Read an ARC from the publisher
Content warnings: earthquakes and the aftermath of natural disasters, references to past ableism
Gelle-Geu is an island city whose star god is restless and earthquakes come closer and closer. Ranra has taken on the role of starkeeper, and her first task is to unravel the problems left attended by her predecessor. She seeks the counsel of Lilún, a poet whose ancestor is begging them to take on the role of starkeeper. Their relationship ignites while disaster strikes, and it’s a race against star charts and magic to possibly save the city.
This novel has all the dreaminess of poetry and being told a bedtime story with intense calamity on the horizon and tender romance at its core.
An interview with the author will be posted to celebrate the release of Geometries of Belonging: Stories and Poems from the Birdverse on November 29th, release day.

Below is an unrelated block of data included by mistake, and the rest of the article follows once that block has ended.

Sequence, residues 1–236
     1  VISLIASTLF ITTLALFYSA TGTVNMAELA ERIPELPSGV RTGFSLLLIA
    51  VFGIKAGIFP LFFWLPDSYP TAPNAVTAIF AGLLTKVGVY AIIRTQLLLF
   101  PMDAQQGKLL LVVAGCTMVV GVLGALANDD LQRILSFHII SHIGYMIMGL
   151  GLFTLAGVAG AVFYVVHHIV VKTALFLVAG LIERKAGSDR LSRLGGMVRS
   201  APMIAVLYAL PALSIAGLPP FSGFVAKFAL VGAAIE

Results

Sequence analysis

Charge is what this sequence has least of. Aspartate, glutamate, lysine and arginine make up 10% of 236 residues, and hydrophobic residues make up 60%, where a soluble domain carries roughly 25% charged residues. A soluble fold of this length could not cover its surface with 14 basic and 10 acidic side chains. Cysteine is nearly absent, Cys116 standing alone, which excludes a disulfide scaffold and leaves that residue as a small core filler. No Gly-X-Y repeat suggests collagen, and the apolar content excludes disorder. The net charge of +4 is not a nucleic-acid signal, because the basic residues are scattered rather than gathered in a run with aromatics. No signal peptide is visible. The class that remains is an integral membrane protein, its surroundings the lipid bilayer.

The neurodivergent rep is presented so seamlessly with the rest of the narrative. It informs the plot, but isn’t the plot. Lilún experiences the world differently, and the way their understanding informs the reader of the world’s values is so effective. It’s easy to follow. And when it does cause them distress, it’s presented with such respect and offers insight into their passion for poetry and gardening. This respectful casualness extends to the queer rep; in fact, there is a world-building element with tokens representing different genders. It’s so thoughtfully crafted and identity is not necessarily a part of the central conflict.
The way magic plays into Lilún’s and Ranra’s courtship is incredibly fun and among my favorite parts of the book. Intimacy and magic collide to move the story along, both interpersonally and externally. It’s sexy and unexpectedly intense, with a deep focus on consent and mutual respect. These themes also play into the relationship between the stars and their keepers, tightening the story threads with finesse.
Though the cast is relatively small, Lemberg establishes a clear sense of epic scope. Despite interactions happening in ways that feel more slice-of-life and political fantasy, the very real danger of impending earthquakes caused by cosmic disturbances never quells in its urgency.
Epic, tender, and immersive in its world-building, the Birdverse stories continue to be a poetic, fantasy delight.